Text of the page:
Anyone think Trump gives a darn about women's rights?

That is an issue. But, it was one of our own making. The US created the Taliban. We trained them, as the Mujaheedin, and equipped them. Now we deal with them. And in the case of Afghanistan, they have kicked our butts. Time to walk away, label it another Vietnam type fiasco, and simply admit we cannot win a war. If the Taliban beats us, who could we beat? Iran? Maybe not. We have not won a war of any significance since 1945. In the case of the US, all of it's glory is in the rear view.

  • Like 1

Share this post


Link to post
Share on other sites
4 minutes ago, spidermike007 said:

That is an issue. But, it was one of our own making. The US created the Taliban. We trained them, as the Mujaheedin, and equipped them. Now we deal with them. And in the case of Afghanistan, they have kicked our butts. Time to walk away, label it another Vietnam type fiasco, and simply admit we cannot win a war. If the Taliban beats us, who could we beat? Iran? Maybe not. We have not won a war of any significance since 1945. In the case of the US, all of it's glory is in the rear view.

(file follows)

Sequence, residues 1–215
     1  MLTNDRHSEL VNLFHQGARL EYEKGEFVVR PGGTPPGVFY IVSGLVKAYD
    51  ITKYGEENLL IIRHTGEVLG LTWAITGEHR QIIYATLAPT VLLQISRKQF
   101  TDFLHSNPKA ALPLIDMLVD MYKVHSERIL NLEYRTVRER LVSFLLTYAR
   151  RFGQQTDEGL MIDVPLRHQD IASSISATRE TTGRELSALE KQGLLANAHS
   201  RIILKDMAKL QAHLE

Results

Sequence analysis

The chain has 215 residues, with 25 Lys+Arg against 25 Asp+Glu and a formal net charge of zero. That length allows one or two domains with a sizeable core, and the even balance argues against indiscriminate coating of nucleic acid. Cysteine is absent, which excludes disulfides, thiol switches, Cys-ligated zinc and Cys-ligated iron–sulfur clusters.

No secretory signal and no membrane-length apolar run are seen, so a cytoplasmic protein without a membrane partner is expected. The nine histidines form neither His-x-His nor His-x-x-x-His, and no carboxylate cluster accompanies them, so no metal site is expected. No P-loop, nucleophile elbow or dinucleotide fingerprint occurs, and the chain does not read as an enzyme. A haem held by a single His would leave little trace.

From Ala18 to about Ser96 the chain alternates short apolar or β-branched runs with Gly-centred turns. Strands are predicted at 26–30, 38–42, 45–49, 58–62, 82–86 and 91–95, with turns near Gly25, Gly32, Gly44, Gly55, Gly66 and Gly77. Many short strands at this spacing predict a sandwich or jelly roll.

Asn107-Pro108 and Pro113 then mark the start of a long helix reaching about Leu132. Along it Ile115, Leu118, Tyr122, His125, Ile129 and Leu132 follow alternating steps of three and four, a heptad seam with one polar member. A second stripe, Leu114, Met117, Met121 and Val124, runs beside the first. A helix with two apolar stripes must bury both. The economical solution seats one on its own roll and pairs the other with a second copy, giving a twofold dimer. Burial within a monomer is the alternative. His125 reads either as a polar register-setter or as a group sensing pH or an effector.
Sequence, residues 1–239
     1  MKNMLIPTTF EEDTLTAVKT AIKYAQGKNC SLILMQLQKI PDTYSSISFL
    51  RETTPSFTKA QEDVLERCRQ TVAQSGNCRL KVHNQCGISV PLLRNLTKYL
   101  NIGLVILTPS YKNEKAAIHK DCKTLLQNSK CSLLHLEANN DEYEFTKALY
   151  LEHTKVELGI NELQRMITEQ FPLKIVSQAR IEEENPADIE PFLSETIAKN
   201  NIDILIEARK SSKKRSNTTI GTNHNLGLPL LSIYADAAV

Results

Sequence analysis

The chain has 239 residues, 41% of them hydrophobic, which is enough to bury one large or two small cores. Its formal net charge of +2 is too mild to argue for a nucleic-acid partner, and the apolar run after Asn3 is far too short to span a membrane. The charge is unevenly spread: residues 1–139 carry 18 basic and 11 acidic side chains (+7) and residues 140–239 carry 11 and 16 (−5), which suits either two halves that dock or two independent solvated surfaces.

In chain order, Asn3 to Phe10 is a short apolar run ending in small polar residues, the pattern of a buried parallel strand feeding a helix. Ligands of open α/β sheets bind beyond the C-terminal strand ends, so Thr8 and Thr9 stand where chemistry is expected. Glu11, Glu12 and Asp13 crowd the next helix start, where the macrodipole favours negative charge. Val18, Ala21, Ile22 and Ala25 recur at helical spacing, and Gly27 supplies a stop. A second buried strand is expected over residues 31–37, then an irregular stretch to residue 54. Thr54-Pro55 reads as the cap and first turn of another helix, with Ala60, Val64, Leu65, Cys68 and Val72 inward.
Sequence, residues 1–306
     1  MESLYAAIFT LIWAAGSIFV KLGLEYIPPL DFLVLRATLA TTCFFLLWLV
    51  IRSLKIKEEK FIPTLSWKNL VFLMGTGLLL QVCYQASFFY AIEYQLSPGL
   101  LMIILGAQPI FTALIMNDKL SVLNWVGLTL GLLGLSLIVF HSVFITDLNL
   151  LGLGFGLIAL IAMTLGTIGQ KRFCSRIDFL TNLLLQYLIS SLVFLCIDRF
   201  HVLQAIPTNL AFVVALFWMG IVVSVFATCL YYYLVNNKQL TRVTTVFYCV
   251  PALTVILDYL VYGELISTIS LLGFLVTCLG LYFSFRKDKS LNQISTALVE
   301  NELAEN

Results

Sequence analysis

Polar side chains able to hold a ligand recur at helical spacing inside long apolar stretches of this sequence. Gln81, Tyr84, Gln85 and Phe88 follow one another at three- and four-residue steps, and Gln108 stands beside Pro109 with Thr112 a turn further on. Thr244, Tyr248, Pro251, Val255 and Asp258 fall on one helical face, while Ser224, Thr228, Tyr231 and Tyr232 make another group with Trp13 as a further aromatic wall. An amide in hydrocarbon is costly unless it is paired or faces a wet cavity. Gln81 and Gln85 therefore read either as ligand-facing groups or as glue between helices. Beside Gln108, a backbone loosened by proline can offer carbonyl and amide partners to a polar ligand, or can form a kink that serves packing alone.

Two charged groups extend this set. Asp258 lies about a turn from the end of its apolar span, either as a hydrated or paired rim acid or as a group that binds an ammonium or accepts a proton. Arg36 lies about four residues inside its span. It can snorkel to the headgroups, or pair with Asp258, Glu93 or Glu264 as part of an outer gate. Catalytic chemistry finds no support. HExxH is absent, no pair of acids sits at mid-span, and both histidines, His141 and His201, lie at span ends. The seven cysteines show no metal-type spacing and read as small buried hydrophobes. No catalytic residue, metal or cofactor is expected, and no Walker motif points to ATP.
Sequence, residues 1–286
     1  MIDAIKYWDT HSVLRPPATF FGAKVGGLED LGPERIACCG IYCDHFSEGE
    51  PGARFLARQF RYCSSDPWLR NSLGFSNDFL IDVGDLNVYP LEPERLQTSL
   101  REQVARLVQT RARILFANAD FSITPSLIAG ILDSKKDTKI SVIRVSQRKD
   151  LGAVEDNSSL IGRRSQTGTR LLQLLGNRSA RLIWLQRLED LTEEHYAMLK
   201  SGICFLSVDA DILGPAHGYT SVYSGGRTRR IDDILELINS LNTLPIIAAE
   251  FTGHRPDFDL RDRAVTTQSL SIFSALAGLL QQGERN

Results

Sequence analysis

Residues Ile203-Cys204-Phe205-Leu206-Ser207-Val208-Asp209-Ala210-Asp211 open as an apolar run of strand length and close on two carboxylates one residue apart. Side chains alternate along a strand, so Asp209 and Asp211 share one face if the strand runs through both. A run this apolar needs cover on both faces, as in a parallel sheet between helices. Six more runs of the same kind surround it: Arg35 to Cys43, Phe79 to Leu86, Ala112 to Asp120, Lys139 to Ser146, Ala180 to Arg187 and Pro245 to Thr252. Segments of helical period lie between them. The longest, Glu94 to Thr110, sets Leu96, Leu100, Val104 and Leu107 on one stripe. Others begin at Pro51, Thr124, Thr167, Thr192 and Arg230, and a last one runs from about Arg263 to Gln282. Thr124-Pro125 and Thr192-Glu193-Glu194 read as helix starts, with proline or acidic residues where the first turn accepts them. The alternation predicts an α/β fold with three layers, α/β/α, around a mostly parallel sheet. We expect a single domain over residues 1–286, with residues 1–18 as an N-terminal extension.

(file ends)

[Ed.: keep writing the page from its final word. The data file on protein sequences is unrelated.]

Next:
More like the concept of war changed, while some people's expectations remain the same.

Share this post


Link to post
Share on other sites

Create an account or sign in to comment

You need to be a member in order to leave a comment

Create an account

Sign up for a new account in our community. It's easy!

Register a new account

Sign in

Already have an account? Sign in here.

Sign In Now

  • Recently Browsing   0 members

    No registered users viewing this page.

×
×
  • Create New...